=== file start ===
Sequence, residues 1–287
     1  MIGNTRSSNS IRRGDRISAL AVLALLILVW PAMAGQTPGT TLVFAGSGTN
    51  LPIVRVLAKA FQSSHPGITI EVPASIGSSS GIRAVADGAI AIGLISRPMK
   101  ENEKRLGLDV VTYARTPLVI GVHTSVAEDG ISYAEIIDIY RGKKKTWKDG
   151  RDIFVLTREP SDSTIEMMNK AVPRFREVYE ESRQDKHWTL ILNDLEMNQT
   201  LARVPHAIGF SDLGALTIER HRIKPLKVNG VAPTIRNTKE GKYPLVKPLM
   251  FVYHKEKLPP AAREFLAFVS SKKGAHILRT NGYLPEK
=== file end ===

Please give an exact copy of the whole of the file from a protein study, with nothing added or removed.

Sequence, residues 1–287
     1  MIGNTRSSNS IRRGDRISAL AVLALLILVW PAMAGQTPGT TLVFAGSGTN
    51  LPIVRVLAKA FQSSHPGITI EVPASIGSSS GIRAVADGAI AIGLISRPMK
   101  ENEKRLGLDV VTYARTPLVI GVHTSVAEDG ISYAEIIDIY RGKKKTWKDG
   151  RDIFVLTREP SDSTIEMMNK AVPRFREVYE ESRQDKHWTL ILNDLEMNQT
   201  LARVPHAIGF SDLGALTIER HRIKPLKVNG VAPTIRNTKE GKYPLVKPLM
   251  FVYHKEKLPP AAREFLAFVS SKKGAHILRT NGYLPEK